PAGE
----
When the district court dismissed the Complaint for failure to follow Rule 8, the district court specifically warned Dr. Arunachalam that failure to follow the court's order would result in dismissal of the case. Id. at *6. But rather than follow the district court's instructions, Dr. Arunachalam used her amended complaint to levy additional attacks against Judge Davila, who was not a named party in the action.

On appeal, Dr. Arunachalam has not attempted to identify any error by the district court, instead making vague statements about a "non-existent manufactured Rule 8 and 41 falsity." Appellant's Opening Br. 2. Dr. Arunachalam, though pro se, is required to follow the Federal Rules of Civil Procedure the same as every other party that litigates in the federal courts. See Ghazali v. Moran, 46 F.3d 52, 54 (9th Cir. 1995). We do not see any error in the district court's thorough evaluation of the Complaint or its decision to dismiss the Complaint in view of Dr. Arunachalam's failure to comply with the court's instructions.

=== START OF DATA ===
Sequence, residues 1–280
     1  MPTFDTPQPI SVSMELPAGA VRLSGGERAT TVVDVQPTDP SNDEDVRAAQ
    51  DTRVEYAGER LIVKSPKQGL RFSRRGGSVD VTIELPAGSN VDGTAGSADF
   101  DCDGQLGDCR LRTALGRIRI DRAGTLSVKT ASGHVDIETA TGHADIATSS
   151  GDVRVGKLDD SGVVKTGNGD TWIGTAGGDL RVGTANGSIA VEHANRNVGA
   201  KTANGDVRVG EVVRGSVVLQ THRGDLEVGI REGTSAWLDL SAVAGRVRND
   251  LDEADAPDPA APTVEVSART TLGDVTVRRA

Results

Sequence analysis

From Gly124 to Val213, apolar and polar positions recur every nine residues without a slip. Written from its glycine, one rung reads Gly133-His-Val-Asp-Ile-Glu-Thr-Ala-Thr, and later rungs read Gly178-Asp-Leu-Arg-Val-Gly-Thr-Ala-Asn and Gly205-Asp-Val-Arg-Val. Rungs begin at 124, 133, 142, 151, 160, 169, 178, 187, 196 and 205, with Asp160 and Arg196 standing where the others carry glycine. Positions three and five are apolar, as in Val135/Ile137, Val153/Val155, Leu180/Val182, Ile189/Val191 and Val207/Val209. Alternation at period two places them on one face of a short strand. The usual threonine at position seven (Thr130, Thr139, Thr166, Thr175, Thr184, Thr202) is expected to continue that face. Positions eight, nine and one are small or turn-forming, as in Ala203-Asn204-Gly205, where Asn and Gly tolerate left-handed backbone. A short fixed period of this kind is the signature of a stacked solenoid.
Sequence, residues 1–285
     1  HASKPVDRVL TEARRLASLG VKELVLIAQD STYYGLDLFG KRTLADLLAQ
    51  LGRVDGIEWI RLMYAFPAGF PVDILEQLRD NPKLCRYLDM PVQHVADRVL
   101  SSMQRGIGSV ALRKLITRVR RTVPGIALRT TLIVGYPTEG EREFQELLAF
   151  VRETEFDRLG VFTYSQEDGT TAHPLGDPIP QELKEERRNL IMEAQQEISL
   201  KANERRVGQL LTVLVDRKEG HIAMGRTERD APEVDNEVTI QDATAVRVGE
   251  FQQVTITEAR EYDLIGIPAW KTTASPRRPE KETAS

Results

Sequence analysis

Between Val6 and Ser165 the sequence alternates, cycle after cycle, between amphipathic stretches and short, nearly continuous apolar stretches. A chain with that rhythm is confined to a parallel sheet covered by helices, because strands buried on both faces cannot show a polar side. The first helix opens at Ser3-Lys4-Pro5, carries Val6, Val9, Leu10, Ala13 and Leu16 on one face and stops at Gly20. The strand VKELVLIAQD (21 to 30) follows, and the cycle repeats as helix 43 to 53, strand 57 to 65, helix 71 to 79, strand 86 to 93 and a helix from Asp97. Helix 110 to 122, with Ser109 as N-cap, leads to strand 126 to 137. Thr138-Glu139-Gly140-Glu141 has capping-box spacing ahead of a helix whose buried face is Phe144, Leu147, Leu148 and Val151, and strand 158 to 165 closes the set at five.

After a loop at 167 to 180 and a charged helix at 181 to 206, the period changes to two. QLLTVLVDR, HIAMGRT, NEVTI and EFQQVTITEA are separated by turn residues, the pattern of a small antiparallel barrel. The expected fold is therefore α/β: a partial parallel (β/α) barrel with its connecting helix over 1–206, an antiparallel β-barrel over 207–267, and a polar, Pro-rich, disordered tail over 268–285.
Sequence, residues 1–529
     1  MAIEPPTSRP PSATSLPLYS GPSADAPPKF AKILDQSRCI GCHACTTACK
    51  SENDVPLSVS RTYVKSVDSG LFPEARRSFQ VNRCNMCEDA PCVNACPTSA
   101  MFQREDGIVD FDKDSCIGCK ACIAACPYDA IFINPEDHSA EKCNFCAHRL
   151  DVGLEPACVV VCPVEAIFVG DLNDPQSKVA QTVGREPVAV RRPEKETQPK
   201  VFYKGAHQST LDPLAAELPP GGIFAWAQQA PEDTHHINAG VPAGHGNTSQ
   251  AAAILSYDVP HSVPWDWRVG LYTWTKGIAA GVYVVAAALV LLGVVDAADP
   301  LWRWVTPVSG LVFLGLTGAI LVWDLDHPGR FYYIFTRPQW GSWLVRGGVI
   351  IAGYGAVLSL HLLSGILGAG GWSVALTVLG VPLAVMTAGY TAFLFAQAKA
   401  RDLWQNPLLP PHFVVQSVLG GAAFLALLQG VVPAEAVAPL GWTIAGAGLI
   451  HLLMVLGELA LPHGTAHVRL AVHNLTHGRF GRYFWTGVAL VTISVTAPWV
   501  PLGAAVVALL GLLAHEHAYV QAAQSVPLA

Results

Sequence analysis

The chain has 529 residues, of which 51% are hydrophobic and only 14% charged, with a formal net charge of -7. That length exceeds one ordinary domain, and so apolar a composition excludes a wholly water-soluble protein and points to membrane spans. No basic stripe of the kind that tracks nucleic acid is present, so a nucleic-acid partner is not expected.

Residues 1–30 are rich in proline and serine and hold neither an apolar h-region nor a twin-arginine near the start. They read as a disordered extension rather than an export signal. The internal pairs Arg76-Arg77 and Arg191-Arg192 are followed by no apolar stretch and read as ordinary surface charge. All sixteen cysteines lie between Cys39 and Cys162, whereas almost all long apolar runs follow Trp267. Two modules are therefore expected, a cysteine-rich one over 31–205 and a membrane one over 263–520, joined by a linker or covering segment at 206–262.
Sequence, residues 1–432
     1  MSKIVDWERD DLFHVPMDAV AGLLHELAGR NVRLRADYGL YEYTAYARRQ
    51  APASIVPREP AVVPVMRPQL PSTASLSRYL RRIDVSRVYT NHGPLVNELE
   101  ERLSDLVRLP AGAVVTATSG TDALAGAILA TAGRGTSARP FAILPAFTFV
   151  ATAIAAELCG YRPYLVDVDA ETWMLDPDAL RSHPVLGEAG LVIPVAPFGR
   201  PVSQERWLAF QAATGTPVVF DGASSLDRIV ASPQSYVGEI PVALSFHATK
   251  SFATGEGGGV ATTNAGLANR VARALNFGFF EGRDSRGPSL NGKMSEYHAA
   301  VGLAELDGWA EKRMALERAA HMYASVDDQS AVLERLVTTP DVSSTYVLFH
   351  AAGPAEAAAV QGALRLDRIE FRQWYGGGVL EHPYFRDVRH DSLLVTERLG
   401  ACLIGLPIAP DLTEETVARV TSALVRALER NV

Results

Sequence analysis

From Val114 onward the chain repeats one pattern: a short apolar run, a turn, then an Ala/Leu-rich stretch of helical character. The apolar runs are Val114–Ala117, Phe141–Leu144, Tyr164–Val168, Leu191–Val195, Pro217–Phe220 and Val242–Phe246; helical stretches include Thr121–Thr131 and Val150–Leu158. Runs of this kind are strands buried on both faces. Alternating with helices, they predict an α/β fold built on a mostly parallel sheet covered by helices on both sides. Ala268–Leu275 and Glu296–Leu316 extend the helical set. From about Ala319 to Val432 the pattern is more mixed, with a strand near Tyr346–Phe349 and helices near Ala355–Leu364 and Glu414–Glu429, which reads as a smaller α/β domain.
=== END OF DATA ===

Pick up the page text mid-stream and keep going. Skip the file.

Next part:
B. Dismissal Under Rule 12(b)(6)

We also review the district court's dismissal based on Rule 12(b)(6). We review a district court's "order granting a motion to dismiss for failure to state a claim . . . under the applicable law of the regional circuit." K-Tech Telecomms., Inc. v. Time Warner Cable, Inc., 714 F.3d 1277, 1282 (Fed. Cir. 2013) (quoting R+L Carriers, Inc. v. DriverTech LLC, 681 F.3d 1323, 1331 (Fed. Cir. 2012)). The Ninth Circuit reviews a district court's grant of a motion to dismiss under Rule 12(b)(6) de novo. Eichenberger v. ESPN, Inc., 876 F.3d 979, 982 (9th Cir. 2017). Again, pleadings made by pro se litigants are "held to less stringent standards than formal pleadings drafted by lawyers." Erickson v. Pardus, 551 U.S. 89, 94 (2007). A motion to dismiss may only be granted if the court, accepting all well-pleaded allegations in the complaint as true and viewing them in the light most favorable to the plaintiff, concludes that those allegations "could not raise a claim of entitlement to relief." Bell Atl. Corp. v. Twombly, 550 U.S. 544, 558 (2007). However, Dr. Arunachalam's obligation "to provide the 'grounds' of [her] 'entitle[ment] to relief' requires more than labels and conclusions, and a formulaic recitation of the elements of a cause of action will not do." Id. at 555.

1. Failure to Allege Facts